This Pl intervention builds on the work done during an IATL academic fellowship in 2013-4 for this module. In that Fellowship, the ground work was laid for students of this module to become used to debating with one another via group visits, discussions in class, via on-line forums and with invited Classicists from other universities. This intervention for the module in 2015-6 seeks to facilitate discussion between Warwick students and international, interdisciplinary, researchers on the topic of democracy and imperialism. The module has over 45 takers for 2015-6, including students who have elected to take the module from other departments. The intervention will take place over the course of 3 discussion workshops with the invited scholars, and a final video-portal debate with Classics students at Monash university. These events will help build links with Politics and International Relations outside of Warwick (John Dunn from Cambridge University), with Warwick Business School (Jonathan Neelands) as well as internationally with Universities in Queensland (where the IAS Visiting Fellow is from) and in Melbourne (Monash).
As a result, the students will not only learn from a wider array of interdisciplinary voices about the topic and consider the study of the ancient world as part of a wider thematic debate between disciplines, but also learn about different strategies for disseminating and communicating their own knowledge across traditional disciplinary divides. They will be working in groups to decide on the topics they most want to discuss with the invited academics and in preparation for the video debate with Monash, improving their skills in team work and communication. Those who are taking the module with the Greek-language option will also be working with the Digital Humanities team on a new on-line digital text coding system for the analysis of ancient texts.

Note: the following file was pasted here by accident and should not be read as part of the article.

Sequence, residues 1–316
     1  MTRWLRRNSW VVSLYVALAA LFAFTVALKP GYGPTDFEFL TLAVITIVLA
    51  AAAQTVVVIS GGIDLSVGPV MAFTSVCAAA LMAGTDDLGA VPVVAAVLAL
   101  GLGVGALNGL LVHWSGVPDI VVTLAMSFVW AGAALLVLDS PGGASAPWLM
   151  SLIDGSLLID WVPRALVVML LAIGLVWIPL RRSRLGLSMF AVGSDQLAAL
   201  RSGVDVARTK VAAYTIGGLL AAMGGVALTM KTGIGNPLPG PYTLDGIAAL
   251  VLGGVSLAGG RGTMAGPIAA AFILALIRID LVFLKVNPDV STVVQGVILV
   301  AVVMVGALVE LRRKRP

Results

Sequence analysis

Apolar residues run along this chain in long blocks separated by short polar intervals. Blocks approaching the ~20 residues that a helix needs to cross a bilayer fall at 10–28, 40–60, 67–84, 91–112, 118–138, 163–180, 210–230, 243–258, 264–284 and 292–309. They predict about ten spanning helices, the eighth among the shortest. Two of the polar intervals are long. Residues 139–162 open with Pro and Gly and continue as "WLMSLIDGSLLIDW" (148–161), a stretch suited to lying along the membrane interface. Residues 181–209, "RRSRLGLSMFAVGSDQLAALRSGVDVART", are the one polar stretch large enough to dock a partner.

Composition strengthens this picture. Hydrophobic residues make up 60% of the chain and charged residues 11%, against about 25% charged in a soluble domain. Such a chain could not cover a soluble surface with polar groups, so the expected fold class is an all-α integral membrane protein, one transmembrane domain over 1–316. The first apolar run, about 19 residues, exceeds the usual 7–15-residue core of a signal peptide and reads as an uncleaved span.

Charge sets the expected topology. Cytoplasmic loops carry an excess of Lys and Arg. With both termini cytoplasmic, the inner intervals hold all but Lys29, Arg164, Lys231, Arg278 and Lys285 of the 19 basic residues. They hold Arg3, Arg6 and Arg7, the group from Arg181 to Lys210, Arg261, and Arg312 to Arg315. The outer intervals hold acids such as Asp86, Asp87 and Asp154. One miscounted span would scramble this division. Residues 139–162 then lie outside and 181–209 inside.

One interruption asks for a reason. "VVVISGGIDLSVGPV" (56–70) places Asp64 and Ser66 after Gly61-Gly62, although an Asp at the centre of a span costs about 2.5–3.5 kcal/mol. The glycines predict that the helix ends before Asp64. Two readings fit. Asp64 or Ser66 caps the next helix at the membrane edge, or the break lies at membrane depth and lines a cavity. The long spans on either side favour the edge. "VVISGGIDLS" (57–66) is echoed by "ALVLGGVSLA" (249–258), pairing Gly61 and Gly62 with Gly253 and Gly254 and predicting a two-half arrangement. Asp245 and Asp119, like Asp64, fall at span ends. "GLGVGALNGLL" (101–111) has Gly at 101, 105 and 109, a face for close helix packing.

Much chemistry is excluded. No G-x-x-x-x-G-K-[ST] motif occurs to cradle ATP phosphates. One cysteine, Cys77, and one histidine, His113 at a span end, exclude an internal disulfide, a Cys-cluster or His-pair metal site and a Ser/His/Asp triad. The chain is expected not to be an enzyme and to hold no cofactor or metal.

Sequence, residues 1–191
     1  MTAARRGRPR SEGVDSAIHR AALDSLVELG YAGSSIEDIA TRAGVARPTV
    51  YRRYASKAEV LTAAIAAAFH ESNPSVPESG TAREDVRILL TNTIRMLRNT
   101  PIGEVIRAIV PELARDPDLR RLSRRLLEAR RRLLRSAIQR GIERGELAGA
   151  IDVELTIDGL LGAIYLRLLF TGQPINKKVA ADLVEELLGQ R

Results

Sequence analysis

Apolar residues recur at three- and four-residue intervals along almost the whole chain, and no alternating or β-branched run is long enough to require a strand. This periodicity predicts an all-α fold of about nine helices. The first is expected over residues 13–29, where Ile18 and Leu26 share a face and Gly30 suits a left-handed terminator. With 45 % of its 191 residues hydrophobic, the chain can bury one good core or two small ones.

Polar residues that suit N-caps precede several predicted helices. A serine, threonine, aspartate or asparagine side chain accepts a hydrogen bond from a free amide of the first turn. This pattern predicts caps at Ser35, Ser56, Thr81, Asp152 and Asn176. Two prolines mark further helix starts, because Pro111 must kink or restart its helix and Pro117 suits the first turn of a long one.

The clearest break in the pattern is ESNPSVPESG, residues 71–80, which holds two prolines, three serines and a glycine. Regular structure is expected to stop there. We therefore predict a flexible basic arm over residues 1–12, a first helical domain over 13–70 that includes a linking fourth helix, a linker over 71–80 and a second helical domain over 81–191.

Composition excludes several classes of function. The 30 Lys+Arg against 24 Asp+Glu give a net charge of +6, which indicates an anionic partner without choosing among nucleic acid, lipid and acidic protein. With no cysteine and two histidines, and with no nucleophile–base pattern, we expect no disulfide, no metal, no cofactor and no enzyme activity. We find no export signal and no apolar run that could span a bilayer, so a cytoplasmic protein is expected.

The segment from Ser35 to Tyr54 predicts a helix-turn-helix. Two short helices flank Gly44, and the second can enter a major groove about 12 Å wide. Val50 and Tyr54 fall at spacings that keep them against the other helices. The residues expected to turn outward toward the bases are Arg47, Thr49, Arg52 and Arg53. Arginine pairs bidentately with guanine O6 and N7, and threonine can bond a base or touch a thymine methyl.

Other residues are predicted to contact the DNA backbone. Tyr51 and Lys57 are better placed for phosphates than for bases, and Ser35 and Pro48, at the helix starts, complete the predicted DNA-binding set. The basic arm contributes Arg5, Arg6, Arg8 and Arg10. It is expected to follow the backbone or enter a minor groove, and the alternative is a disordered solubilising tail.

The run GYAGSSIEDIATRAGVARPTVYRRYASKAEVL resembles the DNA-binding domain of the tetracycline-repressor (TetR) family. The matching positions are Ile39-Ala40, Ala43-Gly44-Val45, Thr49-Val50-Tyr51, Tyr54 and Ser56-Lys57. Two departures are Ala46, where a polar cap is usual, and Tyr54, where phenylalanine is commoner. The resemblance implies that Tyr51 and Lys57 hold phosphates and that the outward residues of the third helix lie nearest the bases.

In terms of legacy for departmental teaching, discussions with invited academics will be recorded and students, as well as the academics, will be invited to blog their thoughts on these interdisciplinary sessions via a Warwick discussion board, providing a permanent record for use in future teaching years. The text coding project (funded by Digital Humanities) will also create a permanent resource which can be used and improved on in future years. In terms of legacy for the students themselves, they will have a legacy from this intervention in terms of improved knowledge of the topic and practice at varied strategies for dissemination of their knowledge to interdisciplinary audiences.
Support is needed to bring one of these academics to Warwick (John Dunn the specialist in ancient and modern democracy within the Cambridge Politics and International Relations department). The IAS will cover the costs of the Visiting Fellow, Alastair Blanshard, and the Warwick Business School will be contributing in return for aid I am giving them in teaching some of their ancient world based role play sessions.